Michael Hanne takes a close look at the numbers to compare New Zealand’s Covid response to similarly-sized European nations 

New Zealand government ministers very rarely comment on the pandemic policies of other countries (except, occasionally, Australia). So, it was quite a surprise to hear Jacinda Ardern draw attention in a press conference in November to the fact that Ireland, which had recently relaxed restrictions on mobility and social interactions, was reimposing them because of rising case numbers. She suggested that New Zealanders would not want restrictions in this country to be relaxed prematurely, only to have them reimposed when the situation deteriorates.

Ireland (population, like New Zealand, five million) had been placed top in the world in October in the Covid Resilience Ranking of “best places to be during the pandemic”, published by Bloomberg News. (It dropped to number four in November). New Zealand, which had held that top position for many months in 2020, as it kept infection and death rates very low, has been steadily demoted, during this year, as our Government, with the arrival of the Delta variant, reinstated controls on economic activity and international travel, and is currently 36th.

Given Bloomberg’s positive assessment of the path that Ireland has taken through the pandemic and this recent U-turn in policy by Irish authorities, New Zealanders may be startled to see the current statistics for Ireland, in terms not only of total deaths but new cases and new deaths, especially when compared with New Zealand (and Australia which is now rated number 33 by Bloomberg). (The clearest way of comparing death rates across countries, is deaths per million of population.)

Not only is the overall death rate in Ireland 129 times higher than in New Zealand, but deaths over the last week are 27 times higher than ours. The new case rate for Ireland suggests the spread is now pretty much out of control. Jacinda Ardern’s point that we do not want to follow them down the track they have taken is surely something of an understatement.

Over recent months, New Zealand media have brought quite a few Covid stories from small western European countries (including Austria, Denmark, Ireland, the Netherlands, and Sweden). We have had news of: sharply rising case numbers and deaths (some countries call it the fourth wave, others the fifth); relaxation of restrictions, which is generally followed by their reimposition; use (or not) of vaccination passports and sanctions against the unvaccinated; and, increasingly in some countries, protests against these moves. Because they are small (under 20 million population) and have health and welfare systems quite like our own, it should be possible to make systematic comparisons between the performance of these countries in response to the pandemic and the New Zealand response. Even so, nowhere in the New Zealand media have we been able to get an overview of how these countries compare with each other or with New Zealand in their handling of the pandemic to date.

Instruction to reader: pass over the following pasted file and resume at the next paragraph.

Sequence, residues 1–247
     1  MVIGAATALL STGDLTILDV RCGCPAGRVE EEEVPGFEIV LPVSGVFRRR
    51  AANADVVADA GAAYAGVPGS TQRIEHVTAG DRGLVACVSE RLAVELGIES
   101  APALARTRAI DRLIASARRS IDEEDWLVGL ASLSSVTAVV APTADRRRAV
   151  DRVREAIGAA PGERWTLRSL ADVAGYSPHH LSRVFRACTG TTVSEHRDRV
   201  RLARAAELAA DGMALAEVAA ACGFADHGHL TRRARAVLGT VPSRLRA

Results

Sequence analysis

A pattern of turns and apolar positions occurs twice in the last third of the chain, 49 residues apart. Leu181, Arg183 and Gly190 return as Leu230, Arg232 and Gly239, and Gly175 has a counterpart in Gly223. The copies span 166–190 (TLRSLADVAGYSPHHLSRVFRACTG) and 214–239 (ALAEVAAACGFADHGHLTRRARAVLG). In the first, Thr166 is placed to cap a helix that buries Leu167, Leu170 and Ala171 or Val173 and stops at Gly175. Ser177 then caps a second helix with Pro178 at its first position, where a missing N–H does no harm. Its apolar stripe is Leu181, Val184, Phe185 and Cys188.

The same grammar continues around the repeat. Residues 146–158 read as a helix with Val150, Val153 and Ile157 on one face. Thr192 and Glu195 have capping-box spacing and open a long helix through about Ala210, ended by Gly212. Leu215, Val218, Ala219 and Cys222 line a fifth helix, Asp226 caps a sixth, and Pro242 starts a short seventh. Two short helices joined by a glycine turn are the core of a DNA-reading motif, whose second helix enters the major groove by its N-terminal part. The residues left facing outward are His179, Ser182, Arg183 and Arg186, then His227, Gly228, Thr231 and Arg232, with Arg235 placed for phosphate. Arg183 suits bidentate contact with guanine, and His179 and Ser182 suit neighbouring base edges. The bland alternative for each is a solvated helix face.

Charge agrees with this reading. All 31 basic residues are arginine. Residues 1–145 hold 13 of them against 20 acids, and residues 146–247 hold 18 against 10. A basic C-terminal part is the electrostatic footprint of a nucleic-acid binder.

So, how do the statistics for Ireland compare with those of other small Western European countries? Here are figures for deaths per million for a range of these countries, from worst to best, alongside those of New Zealand and Australia.

The gap between the Australian and New Zealand figures and those for most of these countries is staggering. Only Denmark has a death rate anywhere near as low as the Australian/New Zealand rates. (Even so, the Danish death rate is six times the Australian death rate and 56 times the New Zealand rate.)

Ardern and her ministers have been careful throughout not to quote comparative statistics with other countries, doubtless because they do not want to appear to be crowing about our relative success. (They do occasionally mention that we have the best record in the OECD, but without being more specific.) This does have the consequence, however, of limiting New Zealanders’ appreciation of just how successful this country and Australia have been and continue to be.

It will take epidemiologists and public health historians to tease out in detail just how each country slashed a different medical track through the pandemic jungle. Nevertheless, it is possible to bring a socio-political eye to bear on these phenomena – and derive some very clear lessons for New Zealand.

Public policy specialists refer to three main ways by which a government may seek to shape public behaviour: ‘carrots’ (economic grants and subsidies), ‘sticks’ (regulations), and ‘sermons’ (non-binding recommendations). In a major crisis, it is crucial that all three instruments are used consistently and in concert. More specifically, in the case of a pandemic, governments must develop policies informed by medical and other experts and give them the opportunity to communicate key information to the public. Behind each of the disastrous cases reflected by these tables, it is possible to find a different cluster of flaws.

The high total death toll for Sweden (currently ranked number eight by Bloomberg) stems primarily from the initial disastrous decision by the Swedish authorities to forgo the rules and restrictions introduced by most other European countries, instead allowing individuals to decide how to handle the risk personally. (In other words, Sweden relied on ‘sermons’ and a few ‘carrots,’ such as business subsidies, in its early response to Covid.)

Two features of the Swedish constitution lay behind this decision: government ministers are not permitted to direct or overrule the experts in their ministries on public policies, and measures such as lockdowns and curfews are viewed as being violations of people’s freedom of movement. It was therefore, paradoxically, the health experts who adopted the reckless strategy that cost so many lives. Only in early 2021 did the government introduce legislation which allowed restrictions to be introduced and the pandemic to be brought gradually under control.

The Covid situation has developed disastrously in Austria and the Netherlands because the governments in both countries failed to maintain public support for the control measures they introduced. The Covid story in Austria began badly with a major outbreak in early March 2020 in the Tyrolean ski-resort of Ischgl, where it is estimated that 6000 people, mostly visitors, contracted the virus in a very short time and were allowed to take it home with them to other parts of Austria and other countries in Europe.

Thereafter, the government was erratic in its application of ‘sticks’ and ‘carrots’, with the consequence that its ‘sermons’ failed to connect with many people. (For instance, Austria has the lowest vaccination rate in this group of nations.) The Dutch government was likewise inconsistent in its application of regulations, and trust in the authorities slumped in January 2021 with the discovery that personal data of people in the contact tracing database had been illegally sold to fraudsters by call centre employees. The day after a curfew was introduced in late January to limit Covid spread, violent protests broke out, described as the worst riots in the country for 40 years.